Insecurity: Adopt non-violence approach to end banditry, youth violence, University Don tells Buhari, Govs


President Muhammadu Buhari has been advised to adopt a non-violent approach to solve increasing wave of youth violence across the country.

Professor of Development Psychology at the University of Ibadan, Grace Adejuwon who gave the advice said while it is good to invest in weaponry, Governors and President Muhammadu Buhari should adopt indigenous forms of conflict settlement and engage warring groups to de-escalate violence in the country.

Delivering the 494th University of Ibadan Inaugural lecture entitled ‘Where Art Thou?’ she said: “Cultures that do not provide non-violent alternatives for resolving conflicts appear to have higher rates of youth violence.”

While reporting her research findings on youth violence in Nigeria, Professor Adejuwon stated that growing “income inequality, rapid demographic changes in the youth population, and urbanisation have all been positively linked with youth violence.”

The Professor of Development Psychology, who identified many missing links in the way Nigeria is organised and governed, added that government must urgently check the growing number of out-of-school children and substance abuse prevalent in the country stating that “many predictors of violent behaviour are predictors of other problems, such as substance abuse, delinquency, school dropout, and teen pregnancy.”

She noted that broken homes and poorly managed family conflicts have contributed to juvenile delinquency and initiation of many youths into violent gangs involved in armed banditry, kidnapping, and terrorism.

She said: “Another factor parental conflict in early childhood a low level of attachment between parents and children for example a mother who had her first child at an early age experiencing parental separation or divorce at a young age. Some other factors are low level of family cohesion, low socioeconomic status of the family. Associating with delinquent peers has also been linked to violence in young people as well as membership of a gang. Today, in Nigeria, more people are more likely being lost daily to brutal killings than recorded for the globally ​dreaded COVID-19.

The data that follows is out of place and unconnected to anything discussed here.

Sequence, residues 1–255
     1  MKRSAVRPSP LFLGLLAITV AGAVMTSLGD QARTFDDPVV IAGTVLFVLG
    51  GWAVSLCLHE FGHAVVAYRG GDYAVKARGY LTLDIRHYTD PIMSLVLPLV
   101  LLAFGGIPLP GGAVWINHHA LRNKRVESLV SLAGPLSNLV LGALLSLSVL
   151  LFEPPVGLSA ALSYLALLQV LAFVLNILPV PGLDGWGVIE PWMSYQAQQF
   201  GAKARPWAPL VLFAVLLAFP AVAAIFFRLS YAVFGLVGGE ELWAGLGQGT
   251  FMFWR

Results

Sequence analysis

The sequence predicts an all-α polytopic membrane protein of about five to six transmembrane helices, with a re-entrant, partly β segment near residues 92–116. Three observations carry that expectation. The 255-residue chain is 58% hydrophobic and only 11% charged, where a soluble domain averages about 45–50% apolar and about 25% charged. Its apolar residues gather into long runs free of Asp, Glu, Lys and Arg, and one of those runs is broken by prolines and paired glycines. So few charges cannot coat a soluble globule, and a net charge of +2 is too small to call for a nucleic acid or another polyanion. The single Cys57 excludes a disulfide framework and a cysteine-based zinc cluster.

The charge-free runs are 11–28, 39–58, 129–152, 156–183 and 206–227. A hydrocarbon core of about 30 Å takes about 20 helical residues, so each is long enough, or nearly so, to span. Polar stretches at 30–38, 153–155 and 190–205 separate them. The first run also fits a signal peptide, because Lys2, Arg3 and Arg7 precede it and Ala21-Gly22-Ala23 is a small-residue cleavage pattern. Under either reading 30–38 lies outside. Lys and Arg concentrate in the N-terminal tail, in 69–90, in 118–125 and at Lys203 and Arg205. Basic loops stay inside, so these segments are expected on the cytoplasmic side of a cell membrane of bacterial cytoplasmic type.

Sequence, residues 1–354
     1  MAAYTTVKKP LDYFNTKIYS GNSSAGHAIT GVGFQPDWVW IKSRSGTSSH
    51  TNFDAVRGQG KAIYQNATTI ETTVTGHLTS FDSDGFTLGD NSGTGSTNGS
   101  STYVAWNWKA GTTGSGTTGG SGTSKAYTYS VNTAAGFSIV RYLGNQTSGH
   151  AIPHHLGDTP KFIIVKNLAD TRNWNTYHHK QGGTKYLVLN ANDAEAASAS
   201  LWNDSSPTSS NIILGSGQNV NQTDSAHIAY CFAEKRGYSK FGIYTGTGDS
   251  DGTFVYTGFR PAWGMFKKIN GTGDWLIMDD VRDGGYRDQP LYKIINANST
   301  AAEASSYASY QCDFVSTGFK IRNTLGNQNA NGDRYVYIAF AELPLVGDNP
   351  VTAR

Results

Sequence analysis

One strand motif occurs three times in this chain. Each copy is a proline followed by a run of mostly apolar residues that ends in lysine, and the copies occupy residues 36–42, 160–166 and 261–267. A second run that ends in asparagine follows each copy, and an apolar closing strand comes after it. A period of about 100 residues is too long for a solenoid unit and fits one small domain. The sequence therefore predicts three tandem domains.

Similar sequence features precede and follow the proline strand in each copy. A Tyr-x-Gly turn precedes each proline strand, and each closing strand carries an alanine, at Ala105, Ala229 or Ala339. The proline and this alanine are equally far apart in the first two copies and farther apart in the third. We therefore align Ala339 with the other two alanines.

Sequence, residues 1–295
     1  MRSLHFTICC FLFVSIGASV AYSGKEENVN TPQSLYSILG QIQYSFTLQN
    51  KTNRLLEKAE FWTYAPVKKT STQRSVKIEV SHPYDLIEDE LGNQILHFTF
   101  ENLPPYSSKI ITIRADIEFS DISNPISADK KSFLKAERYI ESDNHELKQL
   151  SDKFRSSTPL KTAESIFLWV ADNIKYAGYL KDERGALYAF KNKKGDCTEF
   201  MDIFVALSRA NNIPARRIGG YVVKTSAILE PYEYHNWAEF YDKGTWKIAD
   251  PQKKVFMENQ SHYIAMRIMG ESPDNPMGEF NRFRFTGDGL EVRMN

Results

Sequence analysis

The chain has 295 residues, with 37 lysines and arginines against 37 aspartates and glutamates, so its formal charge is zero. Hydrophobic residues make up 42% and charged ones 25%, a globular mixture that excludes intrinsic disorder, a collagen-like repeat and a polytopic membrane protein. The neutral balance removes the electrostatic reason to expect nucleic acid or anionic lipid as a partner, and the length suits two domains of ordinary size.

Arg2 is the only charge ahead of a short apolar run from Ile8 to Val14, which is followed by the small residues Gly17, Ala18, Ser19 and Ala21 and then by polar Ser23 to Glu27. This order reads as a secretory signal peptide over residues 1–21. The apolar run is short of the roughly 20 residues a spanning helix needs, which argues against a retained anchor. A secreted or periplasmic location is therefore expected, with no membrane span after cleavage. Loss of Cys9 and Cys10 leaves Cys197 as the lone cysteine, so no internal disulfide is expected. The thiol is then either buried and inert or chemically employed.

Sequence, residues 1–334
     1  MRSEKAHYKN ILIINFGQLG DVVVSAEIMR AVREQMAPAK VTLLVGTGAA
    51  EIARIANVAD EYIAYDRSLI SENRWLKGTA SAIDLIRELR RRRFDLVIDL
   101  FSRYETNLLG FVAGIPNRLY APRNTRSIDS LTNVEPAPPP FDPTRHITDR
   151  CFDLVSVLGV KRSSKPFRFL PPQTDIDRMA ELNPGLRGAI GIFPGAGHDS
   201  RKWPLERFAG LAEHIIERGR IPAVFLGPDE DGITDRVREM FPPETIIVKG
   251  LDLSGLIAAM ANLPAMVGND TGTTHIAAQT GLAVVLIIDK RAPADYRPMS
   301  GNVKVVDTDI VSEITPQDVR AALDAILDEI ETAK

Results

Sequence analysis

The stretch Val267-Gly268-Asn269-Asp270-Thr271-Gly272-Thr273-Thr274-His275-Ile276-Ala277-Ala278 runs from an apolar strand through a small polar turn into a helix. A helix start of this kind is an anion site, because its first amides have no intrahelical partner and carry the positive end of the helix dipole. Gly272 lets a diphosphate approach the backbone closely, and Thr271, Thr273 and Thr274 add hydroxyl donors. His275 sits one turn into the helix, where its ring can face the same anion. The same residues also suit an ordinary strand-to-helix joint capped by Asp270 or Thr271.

“Perhaps, this tendency to derive benefit from causing harm to other people as expressed in kidnapping, banditry and ritual murders have been developed as externalising behaviour​ ​ in childhood. Externalising behaviour (‘acting out’) may include physical aggression, non-compliance, verbal bullying, lying, under-controlled behaviour, disruptive behaviour, vandalism, defiance, theft and antisocial behaviour directed at others. Childhood externalising behaviour has been described as a behavioural problem that is a major risk factor for later juvenile delinquency, adult crime, and violence.”

She then asked governments at all levels to increase social support targeted at frustrated Nigerian youths who are battling unemployment and poverty, saying that provision of employment opportunities would improve their psychological being and the nurturing of non-violent youths.

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